The BEA reports Real gross domestic product (GDP) increased at an annual rate of 6.4 percent in the first quarter of 2021.
- Real GDP 6.4% Seasonally Adjusted Annualized Rate (SAAR)
- Current-dollar personal income increased $2.40 trillion in the first quarter, or 59.0 percent, compared with a decrease of $351.4 billion, or 6.9 percent, in the fourth quarter.
- The BEA used an overall price deflator of 4.1% as its measure of inflation.
- Personal consumption expenditures rose 10.7%.
- Disposable personal income increased $2.36 trillion, or 67.0 percent, in the first quarter, compared with a decrease of $402.1 billion, or 8.8 percent, in the fourth quarter.
- Real disposable personal income increased 61.3 percent, compared with a decrease of 10.1 percent.
- Personal saving was $4.12 trillion in the first quarter, compared with $2.25 trillion in the fourth quarter.
- The personal saving rate—personal saving as a percentage of disposable personal income—was 21.0 percent in the first quarter, compared with 13.0 percent in the fourth quarter.
- For the first time in four quarters the year-over-year numbers were positive. The overall year-over-year first quarter growth of the US GDP was reported to be +2.26%, with consumer spending on goods (+13.85%) and commercial fixed investments (+7.08%) leading the way. Even the year-over-year contraction in consumer spending on services was a manageable -1.35%.
- The contribution to the headline from consumer spending on services was reported to be 2.07%, up 0.17pp from the prior quarter. The combined consumer contribution to the headline number was 7.01%, up 5.43pp from the prior quarter.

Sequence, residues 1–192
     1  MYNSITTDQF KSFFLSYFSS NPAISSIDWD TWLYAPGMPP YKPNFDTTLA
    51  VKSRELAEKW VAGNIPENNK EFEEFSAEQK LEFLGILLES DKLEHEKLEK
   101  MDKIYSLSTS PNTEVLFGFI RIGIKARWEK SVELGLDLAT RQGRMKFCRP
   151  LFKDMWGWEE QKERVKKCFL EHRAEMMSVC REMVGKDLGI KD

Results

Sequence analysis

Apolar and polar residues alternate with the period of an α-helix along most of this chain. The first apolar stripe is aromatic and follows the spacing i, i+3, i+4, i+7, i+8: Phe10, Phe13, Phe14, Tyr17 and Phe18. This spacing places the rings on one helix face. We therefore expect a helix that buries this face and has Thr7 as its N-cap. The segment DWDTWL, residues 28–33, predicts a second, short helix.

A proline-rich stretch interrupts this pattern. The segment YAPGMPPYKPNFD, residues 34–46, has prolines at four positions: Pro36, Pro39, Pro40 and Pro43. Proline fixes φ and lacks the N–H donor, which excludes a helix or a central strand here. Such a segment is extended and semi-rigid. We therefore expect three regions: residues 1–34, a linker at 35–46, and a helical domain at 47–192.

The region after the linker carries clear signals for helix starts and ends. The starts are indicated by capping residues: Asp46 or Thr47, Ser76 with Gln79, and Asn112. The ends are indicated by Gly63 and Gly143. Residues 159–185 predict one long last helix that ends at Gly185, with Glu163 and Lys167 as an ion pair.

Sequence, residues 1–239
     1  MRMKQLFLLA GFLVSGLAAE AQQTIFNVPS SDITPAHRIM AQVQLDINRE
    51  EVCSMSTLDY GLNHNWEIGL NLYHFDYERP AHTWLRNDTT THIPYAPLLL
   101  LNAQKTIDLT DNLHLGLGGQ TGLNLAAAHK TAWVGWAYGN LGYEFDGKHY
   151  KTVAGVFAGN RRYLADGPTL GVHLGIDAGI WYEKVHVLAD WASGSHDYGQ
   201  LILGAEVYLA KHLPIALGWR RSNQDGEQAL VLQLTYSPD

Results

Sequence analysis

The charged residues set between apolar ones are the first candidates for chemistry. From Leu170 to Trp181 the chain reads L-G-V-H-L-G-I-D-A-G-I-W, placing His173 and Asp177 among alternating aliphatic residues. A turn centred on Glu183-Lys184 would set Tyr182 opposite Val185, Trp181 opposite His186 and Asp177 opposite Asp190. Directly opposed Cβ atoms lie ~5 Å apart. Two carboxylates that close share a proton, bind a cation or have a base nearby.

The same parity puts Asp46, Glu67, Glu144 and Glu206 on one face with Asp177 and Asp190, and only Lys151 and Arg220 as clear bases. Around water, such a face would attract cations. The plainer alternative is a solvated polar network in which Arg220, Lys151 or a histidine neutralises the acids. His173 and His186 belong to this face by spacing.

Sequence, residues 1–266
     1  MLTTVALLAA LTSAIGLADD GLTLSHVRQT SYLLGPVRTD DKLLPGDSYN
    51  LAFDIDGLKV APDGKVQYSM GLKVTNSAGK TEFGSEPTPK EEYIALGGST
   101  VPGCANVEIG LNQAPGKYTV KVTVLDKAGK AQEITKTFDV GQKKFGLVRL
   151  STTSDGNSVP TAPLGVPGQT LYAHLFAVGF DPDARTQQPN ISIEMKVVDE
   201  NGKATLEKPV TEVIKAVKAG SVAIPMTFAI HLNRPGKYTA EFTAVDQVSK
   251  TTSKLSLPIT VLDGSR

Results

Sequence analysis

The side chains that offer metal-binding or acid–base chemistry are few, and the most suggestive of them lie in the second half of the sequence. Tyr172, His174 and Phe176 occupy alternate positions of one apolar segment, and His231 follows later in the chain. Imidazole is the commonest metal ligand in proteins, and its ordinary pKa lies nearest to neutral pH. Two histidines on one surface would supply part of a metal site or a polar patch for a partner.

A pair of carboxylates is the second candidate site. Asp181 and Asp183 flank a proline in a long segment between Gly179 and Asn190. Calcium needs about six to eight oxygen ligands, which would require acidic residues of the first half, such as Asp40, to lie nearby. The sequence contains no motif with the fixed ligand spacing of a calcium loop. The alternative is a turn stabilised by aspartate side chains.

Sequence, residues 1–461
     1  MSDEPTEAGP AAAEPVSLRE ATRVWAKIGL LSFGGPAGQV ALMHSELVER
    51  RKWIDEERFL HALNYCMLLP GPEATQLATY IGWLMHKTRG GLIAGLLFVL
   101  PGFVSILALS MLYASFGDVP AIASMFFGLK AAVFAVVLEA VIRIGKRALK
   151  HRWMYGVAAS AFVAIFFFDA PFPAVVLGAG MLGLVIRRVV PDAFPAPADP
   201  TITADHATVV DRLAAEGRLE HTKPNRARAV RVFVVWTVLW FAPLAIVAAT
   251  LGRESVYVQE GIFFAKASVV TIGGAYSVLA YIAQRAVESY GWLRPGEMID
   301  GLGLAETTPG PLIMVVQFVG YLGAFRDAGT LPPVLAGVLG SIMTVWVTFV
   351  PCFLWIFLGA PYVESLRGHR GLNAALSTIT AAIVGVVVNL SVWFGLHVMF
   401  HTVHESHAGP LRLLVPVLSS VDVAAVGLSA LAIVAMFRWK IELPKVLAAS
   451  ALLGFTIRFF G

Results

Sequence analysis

- Inventories subtracted -2.64% from the headline number, down -4.01pp from the prior quarter. It is important to remember that the BEA's inventory numbers are exceptionally noisy (and susceptible to significant distortions/anomalies caused by commodity pricing or currency swings) while ultimately representing a zero reverting (and long term essentially zero sum) series.
- The contribution from exports was reported to be -0.10%, down -2.14pp from the prior quarter.
- Imports subtracted -0.77% annualized 'growth' from the headline number, up 2.80pp from the prior quarter.
- Foreign trade contributed a net -0.87pp to the headline number.
- The annualized growth in the 'real final sales of domestic product' was reported to be 9.03%, up 6.08pp from the prior quarter. This is the BEA's 'bottom line' measurement of the economy (and it excludes the inventory data).
The notable items are from the Consumer Metrics Institute.
Real GDP Billions of Chained Dollars 2021-Q1 Preliminary
Despite the strength over the last three quarters GDP still has not recovered from the pandemic.
Income and Spending
The 59% jump in income reflects government social benefits related to pandemic relief programs, notably direct economic impact payments to households established by the Coronavirus Response and Relief Supplemental Appropriations Act and the American Rescue Plan Act.
If you give away free money, people spend it. And they did to the tune of a 10.7% jump.
Then if you undercount inflation, you get distorted growth figures.
That's what's going on.